A landscaper’s job is never done, especially when it comes to lawn care. Seeding, overseeding, aeration, and mowing are just a few of the things a healthy and vibrant lawn needs. Another aesthetic touchup that many property owners are also interested in is lawn leveling. But, is lawn sand the right choice to level a lawn?
Lawn leveling sand can be a good option to level slight undulations in a yard, but pure sand can cause problems of its own when applied by the inexperienced. Depending on the soil type you have, pure sand can cause more compaction and drying than using soil as a leveling material.
The following article is a discussion on the issue of leveling your lawn. We will pay particular attention to sand and its viability as a solution for this. We discuss the implications of using it before we take a look at the best type we can use.
- 1 Is Sand Good For Leveling Lawns?
- 2 Leveling Sand Best Practices
- 3 Lawn Leveling Tools
- 4 What Kind Of Sand Is Good For Leveling Lawns?
- 5 The Final Touches On Lawn Leveling Sand…
Is Sand Good For Leveling Lawns?
For many property owners, uneven spots in the lawn are not fun to look at. Bumps in the turf also pose a challenge when mowing and can lead to an inconsistent cut.
These depressions can be caused by various natural and unnatural things including foot traffic, parking vehicles on the grass, as well as drainage complications. There can also be causes that happened in the past like unremoved tree stumps and undiffused gutter downspout water.
Whatever the cause in your case, you need a solution. So, how about sand?
Lawn leveling sand good and bad for lawns depending on how it is used. It can help clay soil become less compacted or cause it to be more compacted with improper use. For slight undulations, light applications on a regular schedule can work just fine.
A lot of people regard sand as a quick and cheap solution to uneven spots in your turf. After all, won’t the grass just grow through it?
Well, maybe…or maybe not.
Soil Compaction With Leveling Sand
The problem with using sand is that success and failure are wholly dependent on the particular context.
The use of pure sand alone is almost always a bad idea, especially if your lawn is in heavy clay soil already. The sand will only add weight to the soil and watering will make things even worse. Wet sand will pack the clay down further and worsen drainage.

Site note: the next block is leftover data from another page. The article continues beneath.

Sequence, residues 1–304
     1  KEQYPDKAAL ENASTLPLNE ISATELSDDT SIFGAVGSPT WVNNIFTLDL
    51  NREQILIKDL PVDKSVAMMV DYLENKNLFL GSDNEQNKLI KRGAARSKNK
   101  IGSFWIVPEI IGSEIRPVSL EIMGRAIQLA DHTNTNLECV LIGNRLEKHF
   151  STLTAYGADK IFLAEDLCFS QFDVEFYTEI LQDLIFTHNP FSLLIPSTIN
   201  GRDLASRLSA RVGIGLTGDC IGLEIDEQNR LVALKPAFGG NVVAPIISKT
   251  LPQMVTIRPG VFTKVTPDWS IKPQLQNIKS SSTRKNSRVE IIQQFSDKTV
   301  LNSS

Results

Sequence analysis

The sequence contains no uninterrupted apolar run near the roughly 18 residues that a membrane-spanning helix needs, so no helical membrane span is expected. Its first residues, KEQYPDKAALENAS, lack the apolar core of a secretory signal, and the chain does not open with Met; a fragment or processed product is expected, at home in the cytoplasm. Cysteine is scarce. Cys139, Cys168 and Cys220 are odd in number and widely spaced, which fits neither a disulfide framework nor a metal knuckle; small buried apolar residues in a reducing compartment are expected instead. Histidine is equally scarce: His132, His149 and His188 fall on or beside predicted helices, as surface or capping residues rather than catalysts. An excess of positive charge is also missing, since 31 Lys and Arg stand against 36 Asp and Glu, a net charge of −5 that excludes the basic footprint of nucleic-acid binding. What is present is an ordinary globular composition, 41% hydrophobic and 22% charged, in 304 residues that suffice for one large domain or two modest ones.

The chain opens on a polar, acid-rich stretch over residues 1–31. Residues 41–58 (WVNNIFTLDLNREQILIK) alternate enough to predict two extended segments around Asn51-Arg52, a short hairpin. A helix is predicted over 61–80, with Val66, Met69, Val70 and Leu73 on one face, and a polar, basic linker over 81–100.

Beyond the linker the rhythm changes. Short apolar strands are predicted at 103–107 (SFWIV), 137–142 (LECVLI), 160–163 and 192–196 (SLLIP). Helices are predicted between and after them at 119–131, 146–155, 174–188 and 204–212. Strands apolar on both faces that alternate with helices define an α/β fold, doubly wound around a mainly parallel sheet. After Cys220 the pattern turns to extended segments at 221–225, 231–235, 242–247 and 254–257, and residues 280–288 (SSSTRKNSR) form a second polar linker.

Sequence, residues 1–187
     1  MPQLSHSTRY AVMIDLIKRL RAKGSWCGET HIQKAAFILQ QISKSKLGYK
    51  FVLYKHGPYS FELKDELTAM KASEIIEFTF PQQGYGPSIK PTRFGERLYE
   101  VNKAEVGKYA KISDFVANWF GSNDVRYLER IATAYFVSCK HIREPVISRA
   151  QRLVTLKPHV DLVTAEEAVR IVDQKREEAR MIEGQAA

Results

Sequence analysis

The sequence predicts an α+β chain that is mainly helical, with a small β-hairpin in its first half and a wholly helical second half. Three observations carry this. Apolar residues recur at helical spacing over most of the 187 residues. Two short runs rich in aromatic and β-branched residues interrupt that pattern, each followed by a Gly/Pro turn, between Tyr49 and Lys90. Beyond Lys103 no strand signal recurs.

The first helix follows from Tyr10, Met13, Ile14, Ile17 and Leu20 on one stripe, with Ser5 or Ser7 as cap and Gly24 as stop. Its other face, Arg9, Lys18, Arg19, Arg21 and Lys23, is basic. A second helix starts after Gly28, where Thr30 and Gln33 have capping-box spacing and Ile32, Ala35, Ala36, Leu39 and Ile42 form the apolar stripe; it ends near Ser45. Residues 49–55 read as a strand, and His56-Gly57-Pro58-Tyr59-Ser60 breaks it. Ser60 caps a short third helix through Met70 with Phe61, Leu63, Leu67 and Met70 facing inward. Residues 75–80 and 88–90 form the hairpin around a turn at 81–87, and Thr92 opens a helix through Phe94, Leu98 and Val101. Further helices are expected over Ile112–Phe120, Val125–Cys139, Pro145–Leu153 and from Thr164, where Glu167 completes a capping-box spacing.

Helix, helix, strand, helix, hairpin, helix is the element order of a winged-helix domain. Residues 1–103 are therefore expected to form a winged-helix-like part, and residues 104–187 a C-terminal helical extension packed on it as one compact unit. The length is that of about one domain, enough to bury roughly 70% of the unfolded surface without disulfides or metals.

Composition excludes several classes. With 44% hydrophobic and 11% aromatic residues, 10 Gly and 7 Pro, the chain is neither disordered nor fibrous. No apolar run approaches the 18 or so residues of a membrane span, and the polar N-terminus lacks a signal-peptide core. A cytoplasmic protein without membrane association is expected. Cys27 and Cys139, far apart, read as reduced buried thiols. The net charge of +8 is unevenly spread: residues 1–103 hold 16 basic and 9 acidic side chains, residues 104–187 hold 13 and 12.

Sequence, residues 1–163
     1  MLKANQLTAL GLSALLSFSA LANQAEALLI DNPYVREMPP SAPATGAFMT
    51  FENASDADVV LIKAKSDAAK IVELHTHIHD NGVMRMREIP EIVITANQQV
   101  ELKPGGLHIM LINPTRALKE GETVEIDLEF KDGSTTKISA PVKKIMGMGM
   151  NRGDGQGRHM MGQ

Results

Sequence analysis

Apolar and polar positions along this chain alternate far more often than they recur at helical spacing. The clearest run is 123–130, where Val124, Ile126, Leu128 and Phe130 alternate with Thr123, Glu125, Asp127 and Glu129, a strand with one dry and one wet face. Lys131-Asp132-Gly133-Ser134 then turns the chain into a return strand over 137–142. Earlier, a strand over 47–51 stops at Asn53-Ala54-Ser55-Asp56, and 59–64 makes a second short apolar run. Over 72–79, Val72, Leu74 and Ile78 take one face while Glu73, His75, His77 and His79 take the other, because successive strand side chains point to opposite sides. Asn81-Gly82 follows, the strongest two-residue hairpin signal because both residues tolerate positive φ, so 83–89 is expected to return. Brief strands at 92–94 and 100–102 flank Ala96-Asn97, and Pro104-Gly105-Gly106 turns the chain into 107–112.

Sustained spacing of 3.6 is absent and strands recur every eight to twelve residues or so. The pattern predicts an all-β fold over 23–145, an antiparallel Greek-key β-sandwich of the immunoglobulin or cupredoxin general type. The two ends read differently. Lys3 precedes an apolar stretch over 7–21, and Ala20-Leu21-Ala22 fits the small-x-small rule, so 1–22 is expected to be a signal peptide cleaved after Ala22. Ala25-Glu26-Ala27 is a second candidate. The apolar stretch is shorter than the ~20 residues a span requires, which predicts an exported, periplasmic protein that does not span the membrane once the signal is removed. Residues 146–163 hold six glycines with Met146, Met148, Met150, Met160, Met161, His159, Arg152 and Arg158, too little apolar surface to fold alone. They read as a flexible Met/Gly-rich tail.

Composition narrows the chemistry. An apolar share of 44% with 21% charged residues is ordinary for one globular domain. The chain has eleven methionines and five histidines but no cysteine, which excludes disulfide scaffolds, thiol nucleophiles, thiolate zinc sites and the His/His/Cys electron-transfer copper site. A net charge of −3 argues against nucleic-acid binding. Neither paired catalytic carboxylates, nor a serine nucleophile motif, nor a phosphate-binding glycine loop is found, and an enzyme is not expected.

Water Loss Using Leveling Sand
In addition, sand tends to absorb a lot of heat very quickly, which is bad news for your lawn during blazing summer days. Grass does not favor overly high temperatures and may struggle as a result.
Also, with more heat absorption comes a quicker rate of evaporation and water loss. Therefore, if you incorporate sand to level your lawn you must be prepared to water for longer and more frequently.
Lawn Leveling Sand Does Not Add Nutrients To The Soil
Another drawback with pure sand is its lack of nutrients when compared to regular topsoil. Grass requires healthy access to nitrogen, phosphorous, and potassium, as well as a whole host of micronutrients. As a result, you will have to make use of fertilizers or compost to keep the grass alive.
Ultimately, sand’s nutrient deficiencies, combined with its tendency to lose water quickly, make it less than ideal for nursing a healthy lawn.
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Apply Leveling Sand The Right Way
However, with a proper understanding of your environment as well as careful application, sand can be an effective lawn leveler if you cannot access topsoil.
Our recommendation is light and frequent application of sand rather than heavy and infrequent application. Adding too much at once will increase soil heaviness and stress the grass. Light application is a better choice because it gives your lawn time to adapt while allowing you to monitor how it copes with the change.
Another thing is that applying light layers of sand will minimize the number of grass blades blocked out from the sun. Cool-season grasses, like your fescues and bluegrasses, need every last bit of sunlight. They simply cannot afford to be covered up for extended periods and will suffer great stress if they are.
Many lawn care experts have their preferences but the following guidelines are sure to work for you:
|Weight||Area||Type Of Application|
|0.5 tons||per 1000 sq. ft.||light application|